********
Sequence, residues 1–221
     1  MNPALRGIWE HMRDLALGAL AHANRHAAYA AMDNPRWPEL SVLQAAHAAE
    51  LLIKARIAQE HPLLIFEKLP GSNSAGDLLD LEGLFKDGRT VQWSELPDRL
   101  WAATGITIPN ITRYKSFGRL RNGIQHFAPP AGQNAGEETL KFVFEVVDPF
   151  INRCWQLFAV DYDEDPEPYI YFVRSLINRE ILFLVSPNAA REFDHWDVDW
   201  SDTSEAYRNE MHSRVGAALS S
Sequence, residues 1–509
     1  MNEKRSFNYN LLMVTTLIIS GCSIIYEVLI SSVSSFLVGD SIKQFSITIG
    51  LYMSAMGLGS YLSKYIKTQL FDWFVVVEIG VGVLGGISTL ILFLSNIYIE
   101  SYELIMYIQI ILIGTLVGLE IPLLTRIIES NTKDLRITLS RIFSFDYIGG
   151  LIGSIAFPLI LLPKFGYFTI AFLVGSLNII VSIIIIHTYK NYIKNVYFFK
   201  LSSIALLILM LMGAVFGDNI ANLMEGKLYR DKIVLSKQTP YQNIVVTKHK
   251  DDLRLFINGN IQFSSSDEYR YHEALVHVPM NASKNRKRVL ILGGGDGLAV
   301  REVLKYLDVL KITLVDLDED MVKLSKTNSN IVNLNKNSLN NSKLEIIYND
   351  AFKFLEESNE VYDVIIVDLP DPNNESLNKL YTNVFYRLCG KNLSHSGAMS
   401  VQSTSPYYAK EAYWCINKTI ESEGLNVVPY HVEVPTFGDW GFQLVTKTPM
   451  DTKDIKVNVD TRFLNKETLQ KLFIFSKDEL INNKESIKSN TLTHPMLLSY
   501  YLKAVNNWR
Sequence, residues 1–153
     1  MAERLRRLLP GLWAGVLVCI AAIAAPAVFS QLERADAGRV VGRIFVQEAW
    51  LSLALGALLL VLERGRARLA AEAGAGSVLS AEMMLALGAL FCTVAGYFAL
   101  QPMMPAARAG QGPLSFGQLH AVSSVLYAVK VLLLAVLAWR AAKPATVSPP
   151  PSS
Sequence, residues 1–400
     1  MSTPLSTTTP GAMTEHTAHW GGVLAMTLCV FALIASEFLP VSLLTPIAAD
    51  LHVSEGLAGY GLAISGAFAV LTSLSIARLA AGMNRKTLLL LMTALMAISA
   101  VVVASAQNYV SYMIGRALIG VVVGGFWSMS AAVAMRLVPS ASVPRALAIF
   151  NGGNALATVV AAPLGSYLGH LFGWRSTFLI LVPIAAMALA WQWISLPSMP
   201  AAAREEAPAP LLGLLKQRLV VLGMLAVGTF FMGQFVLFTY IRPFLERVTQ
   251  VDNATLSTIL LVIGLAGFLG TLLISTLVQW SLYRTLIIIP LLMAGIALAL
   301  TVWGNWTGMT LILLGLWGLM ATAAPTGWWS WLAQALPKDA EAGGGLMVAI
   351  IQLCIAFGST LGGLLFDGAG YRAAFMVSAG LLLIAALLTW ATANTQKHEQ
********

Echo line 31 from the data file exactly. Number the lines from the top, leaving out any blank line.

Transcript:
   301  TVWGNWTGMT LILLGLWGLM ATAAPTGWWS WLAQALPKDA EAGGGLMVAI